Thursday, December 22, 2016

Editing Tip: Beta Readers

So you've finished writing. You've gone over the manuscript for content development and grammar revisions. You have a version you are proud of and want to get someone else's opinion. Maybe you already have someone in mind. Here are a few things to keep in mind before giving your manuscript for someone to read over:
1. Make sure your readers are interest in the subject of the book. You may be such an amazing writer that you are able to make someone who hates fantasy love your book; but be mindful to select people who will want to read your book. Don't confuse this with selecting "yes" readers. Selecting readers who actually like the genre is not to ensure you get positive feedback, but to ensure you actually get good, quality, feedback.

2. Find readers who will provide constructive criticism. I once gave an early draft of My Not So Normal Life to a co-worker. I worked in publishing at the time and thought this might be the person to give me some feedback. In hindsight, the book wasn't ready and needed more work. What I got back from her was a simple "Don't quit your day job." It was soul crushing. I would later find readers who gave me more feedback and have helped strengthen my book. But I still hear those words echoing through my head.

3. Be diplomatic about asking and following up with your readers. Be polite, don't pester, give them time.

4. Ask multiple people to be readers. And if possible, let them see the other readers' comments. For My Not So Normal Life I allowed my Beta Readers to read the document in a file sharing program. One of my readers read the prologue and didn't like a paragraph, but she decided not to comment on it since she could see another reader's comment praising the paragraph. Being able to see the comment, reminded my one reader that some aspects of a book will not be universally loved.

5. Don't seek solely praise. If you get it, that's great. Congratulations! But remember, you're still in the editing phase. Meaning you want to have weaknesses pointed out now so they can be fixed. Don't be the Emperor with No Clothes.

Thursday, December 15, 2016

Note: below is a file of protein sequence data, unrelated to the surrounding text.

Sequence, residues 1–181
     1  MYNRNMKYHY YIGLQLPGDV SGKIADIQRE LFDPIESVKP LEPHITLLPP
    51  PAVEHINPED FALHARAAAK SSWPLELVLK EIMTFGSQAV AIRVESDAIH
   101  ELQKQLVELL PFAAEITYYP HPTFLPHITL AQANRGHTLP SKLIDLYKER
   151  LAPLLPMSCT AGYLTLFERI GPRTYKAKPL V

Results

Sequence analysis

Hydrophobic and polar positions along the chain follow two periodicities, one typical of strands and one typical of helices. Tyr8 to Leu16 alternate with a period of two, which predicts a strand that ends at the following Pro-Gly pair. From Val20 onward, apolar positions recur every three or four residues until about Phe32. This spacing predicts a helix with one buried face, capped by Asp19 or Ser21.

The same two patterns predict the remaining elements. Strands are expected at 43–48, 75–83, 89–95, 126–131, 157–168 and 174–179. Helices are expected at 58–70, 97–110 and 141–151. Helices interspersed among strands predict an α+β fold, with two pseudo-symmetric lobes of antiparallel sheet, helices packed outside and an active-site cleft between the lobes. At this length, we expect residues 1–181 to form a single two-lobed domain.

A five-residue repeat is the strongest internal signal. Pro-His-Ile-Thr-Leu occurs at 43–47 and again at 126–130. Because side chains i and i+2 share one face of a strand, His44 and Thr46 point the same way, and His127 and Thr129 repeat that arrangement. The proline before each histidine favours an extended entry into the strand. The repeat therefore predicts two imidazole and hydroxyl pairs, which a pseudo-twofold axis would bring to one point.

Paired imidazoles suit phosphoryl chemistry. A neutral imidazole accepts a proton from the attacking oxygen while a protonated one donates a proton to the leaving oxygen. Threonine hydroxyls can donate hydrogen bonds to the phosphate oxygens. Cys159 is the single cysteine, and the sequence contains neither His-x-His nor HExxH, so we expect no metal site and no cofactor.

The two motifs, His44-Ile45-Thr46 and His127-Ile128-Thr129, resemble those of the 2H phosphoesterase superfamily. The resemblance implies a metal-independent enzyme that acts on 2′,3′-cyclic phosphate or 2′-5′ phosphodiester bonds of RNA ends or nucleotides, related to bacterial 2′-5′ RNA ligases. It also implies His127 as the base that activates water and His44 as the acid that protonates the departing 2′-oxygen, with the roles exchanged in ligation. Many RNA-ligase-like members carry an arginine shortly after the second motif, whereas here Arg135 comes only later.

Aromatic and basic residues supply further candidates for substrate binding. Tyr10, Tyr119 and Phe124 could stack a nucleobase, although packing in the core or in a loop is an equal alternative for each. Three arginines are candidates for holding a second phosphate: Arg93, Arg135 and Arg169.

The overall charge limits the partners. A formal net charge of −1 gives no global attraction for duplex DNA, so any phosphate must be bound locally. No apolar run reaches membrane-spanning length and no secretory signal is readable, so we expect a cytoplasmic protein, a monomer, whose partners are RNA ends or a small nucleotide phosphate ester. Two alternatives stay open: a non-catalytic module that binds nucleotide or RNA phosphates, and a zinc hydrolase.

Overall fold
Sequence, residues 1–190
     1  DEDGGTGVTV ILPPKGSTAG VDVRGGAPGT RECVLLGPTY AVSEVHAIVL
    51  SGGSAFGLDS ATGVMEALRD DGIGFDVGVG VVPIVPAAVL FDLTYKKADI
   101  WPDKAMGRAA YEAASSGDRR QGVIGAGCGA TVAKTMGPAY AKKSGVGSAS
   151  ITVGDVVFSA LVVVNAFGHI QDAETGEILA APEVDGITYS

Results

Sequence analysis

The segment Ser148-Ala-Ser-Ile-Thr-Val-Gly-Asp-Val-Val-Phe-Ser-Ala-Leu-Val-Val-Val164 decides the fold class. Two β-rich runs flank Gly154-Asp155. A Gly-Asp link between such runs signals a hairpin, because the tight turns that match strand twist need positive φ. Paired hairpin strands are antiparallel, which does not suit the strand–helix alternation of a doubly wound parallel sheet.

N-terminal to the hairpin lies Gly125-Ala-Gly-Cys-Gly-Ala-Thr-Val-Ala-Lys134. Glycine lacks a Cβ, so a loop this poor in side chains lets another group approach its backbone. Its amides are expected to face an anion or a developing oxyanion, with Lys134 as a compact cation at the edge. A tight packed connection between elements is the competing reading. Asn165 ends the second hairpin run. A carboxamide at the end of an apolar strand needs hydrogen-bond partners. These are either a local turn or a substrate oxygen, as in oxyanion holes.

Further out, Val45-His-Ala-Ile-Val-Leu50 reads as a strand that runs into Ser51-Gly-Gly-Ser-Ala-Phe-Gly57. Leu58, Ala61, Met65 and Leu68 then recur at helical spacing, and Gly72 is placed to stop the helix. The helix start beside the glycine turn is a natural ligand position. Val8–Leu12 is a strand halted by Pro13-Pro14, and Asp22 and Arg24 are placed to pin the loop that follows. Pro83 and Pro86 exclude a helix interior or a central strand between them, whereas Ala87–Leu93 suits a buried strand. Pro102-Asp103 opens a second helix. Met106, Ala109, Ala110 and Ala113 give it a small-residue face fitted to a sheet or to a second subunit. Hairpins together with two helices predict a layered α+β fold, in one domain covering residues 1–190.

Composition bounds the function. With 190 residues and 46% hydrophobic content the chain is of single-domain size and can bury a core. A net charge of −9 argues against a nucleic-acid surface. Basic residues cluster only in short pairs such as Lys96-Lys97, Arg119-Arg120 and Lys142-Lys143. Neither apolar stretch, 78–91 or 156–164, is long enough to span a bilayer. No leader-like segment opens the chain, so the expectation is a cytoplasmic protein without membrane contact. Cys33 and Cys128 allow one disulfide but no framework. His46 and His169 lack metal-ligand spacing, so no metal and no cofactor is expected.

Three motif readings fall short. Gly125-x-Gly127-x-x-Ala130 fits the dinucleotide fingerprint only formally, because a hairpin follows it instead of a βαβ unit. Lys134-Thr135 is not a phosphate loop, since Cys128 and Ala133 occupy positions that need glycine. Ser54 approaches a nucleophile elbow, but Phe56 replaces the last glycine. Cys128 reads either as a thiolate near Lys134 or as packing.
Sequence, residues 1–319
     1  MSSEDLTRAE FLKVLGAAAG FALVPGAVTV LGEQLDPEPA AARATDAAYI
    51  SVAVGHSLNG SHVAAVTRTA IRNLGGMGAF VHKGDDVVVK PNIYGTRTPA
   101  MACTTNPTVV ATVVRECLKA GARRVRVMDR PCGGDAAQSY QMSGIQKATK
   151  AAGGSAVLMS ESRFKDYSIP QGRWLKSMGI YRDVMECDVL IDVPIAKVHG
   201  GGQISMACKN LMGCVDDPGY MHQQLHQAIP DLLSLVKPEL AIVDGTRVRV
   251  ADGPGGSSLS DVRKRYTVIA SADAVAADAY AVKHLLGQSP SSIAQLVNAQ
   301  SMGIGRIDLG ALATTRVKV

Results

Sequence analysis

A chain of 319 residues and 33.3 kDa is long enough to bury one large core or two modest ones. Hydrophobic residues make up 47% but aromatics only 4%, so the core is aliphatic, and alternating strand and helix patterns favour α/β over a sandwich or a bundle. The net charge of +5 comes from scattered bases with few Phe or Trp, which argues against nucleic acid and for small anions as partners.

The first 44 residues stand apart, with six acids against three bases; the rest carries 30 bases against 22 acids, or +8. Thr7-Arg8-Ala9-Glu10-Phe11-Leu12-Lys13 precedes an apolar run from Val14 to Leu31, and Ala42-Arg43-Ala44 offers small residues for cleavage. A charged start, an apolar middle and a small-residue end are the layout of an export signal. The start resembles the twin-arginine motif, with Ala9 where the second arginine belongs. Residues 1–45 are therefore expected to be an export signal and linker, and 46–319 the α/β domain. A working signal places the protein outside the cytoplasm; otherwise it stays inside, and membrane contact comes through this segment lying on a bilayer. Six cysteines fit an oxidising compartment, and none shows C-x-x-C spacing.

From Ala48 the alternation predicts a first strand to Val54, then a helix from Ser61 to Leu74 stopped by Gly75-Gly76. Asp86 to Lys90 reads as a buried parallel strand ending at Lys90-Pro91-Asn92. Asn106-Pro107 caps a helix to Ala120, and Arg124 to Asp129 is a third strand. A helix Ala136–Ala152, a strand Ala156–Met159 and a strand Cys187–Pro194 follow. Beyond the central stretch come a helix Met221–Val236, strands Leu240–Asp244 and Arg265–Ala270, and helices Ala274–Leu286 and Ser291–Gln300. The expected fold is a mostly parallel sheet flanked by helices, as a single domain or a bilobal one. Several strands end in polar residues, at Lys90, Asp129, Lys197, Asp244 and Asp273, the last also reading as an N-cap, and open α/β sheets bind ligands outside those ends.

Editing Tip #3: Dialogue

Have you ever read a book and thought "that's not how people talk"? I get this a lot with some children and young adult books. When editing, make sure to pay close attention to the dialogue. Read the dialogue aloud. Hearing how the character speaks will help. When reviewing the dialogue, keep a few things in mind:

-does the words, grammar, sentence structure fit in with the character's personality. (Ex. a British character will say "Mum" instead of "Mom" and a small child may not have perfect grammar or big words)
-does your character have any distinguishing features with how he/she speaks? If the character stammers (occasionally) consider "P-p-p-p-please," over "Please"
-Does the dialogue give too much away. Don't have a villain who explains everything including his/her motivation. You can allude to backstory, but be mindful of saying everything.

When you are done reviewing it, ask a trusted friend about any sections you still aren't sure about. In the editing process, as many set of eyes as possible is always helpful.

Thursday, December 8, 2016

Writing Tip #2: Development

Probably the most common problem I see in writing (both my own and others') is not telling enough of the story. I have the vision of my character in my head. I know who she is. I know what she looks like. I know why is acts the way she does. Some stuff is obvious to me. But it's not to my readers if I don't describe it. I can be a very rushed writer. I have the ideas and need to get them out as fast as I can. That's not bad, but it means that I need to go back and add in any missing information. Then, when I have a draft I have read over, I give it to David and my sister. They read over it. David will ask me questions about character development and tell me how he envisioned certain characters. Katie will tell me where I rushed over the description of the book and give me suggestions for how to enhance the story. To the writers reading this, find these people. The ones who will not passively read your manuscript and tell you it's good. I have read too many published books where I have felt the book needed another set of eyes. Ones where the motivation for a character was lacking or where support characters had not unique features and were interchangeable. 

My advice for this week: Make sure the story and characters in your head get on the page. 

Do that by the following: 
-get a pack of note cards. Each time a character or place is introduced, write the name on one side. And on the reverse side, write the words used to describe that place or character. Might seem tedious, but it will help with consistency and as a check that you described everything. 
-when reading ask why this is happening. Why does the hero continue on his quest and not go back home when conflict arises? Why would two characters be friends if they seem to be an odd pairing? How would a character react to hearing certain dialogue? These are questions readers may be asking themselves when they are reading. When you ask the questions, make sure your book answers them. 
-get readers to read your book and concentrate on development. Yes, typos will annoy the reader, but so will an underdeveloped story.